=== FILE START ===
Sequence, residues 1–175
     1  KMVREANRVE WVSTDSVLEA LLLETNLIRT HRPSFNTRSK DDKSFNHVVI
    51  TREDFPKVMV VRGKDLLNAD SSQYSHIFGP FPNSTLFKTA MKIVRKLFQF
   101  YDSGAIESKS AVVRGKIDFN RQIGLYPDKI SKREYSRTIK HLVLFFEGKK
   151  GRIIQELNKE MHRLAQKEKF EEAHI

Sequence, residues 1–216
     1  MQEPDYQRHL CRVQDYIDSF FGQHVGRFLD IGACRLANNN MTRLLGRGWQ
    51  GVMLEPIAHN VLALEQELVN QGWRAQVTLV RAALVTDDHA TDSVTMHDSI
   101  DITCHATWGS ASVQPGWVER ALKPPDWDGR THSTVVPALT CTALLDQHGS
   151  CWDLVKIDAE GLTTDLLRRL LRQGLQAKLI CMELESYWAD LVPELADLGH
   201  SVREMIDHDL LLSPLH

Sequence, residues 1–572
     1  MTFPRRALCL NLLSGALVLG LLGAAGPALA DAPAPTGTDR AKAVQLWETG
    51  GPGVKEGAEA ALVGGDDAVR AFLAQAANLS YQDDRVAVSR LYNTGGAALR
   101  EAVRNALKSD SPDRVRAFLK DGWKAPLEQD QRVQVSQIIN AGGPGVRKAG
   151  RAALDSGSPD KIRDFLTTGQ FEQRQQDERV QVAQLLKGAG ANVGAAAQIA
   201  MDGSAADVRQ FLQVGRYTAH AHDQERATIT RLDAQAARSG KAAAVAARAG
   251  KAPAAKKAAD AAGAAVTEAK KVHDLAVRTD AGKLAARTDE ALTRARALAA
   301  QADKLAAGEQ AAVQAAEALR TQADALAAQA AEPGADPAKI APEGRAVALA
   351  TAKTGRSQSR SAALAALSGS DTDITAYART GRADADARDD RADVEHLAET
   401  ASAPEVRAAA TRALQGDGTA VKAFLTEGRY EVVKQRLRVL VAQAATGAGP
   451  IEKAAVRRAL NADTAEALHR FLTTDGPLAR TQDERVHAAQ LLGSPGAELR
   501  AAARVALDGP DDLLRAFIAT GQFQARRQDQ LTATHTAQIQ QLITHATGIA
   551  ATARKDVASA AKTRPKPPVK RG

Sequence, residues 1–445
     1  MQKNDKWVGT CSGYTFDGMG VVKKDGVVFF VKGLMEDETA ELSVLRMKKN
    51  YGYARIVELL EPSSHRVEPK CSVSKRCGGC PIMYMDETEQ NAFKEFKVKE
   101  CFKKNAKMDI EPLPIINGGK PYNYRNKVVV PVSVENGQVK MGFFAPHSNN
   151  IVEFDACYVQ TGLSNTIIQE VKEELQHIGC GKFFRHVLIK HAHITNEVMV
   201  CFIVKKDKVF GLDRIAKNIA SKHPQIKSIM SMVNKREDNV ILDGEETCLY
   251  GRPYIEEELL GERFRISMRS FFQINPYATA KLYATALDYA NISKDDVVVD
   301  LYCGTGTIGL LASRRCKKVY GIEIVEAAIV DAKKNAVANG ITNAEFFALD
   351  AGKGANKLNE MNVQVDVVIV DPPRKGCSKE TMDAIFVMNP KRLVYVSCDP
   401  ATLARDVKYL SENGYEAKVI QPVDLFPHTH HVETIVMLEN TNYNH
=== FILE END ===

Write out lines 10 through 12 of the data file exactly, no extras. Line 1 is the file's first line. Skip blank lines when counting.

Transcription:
   151  CWDLVKIDAE GLTTDLLRRL LRQGLQAKLI CMELESYWAD LVPELADLGH
   201  SVREMIDHDL LLSPLH

Sequence, residues 1–572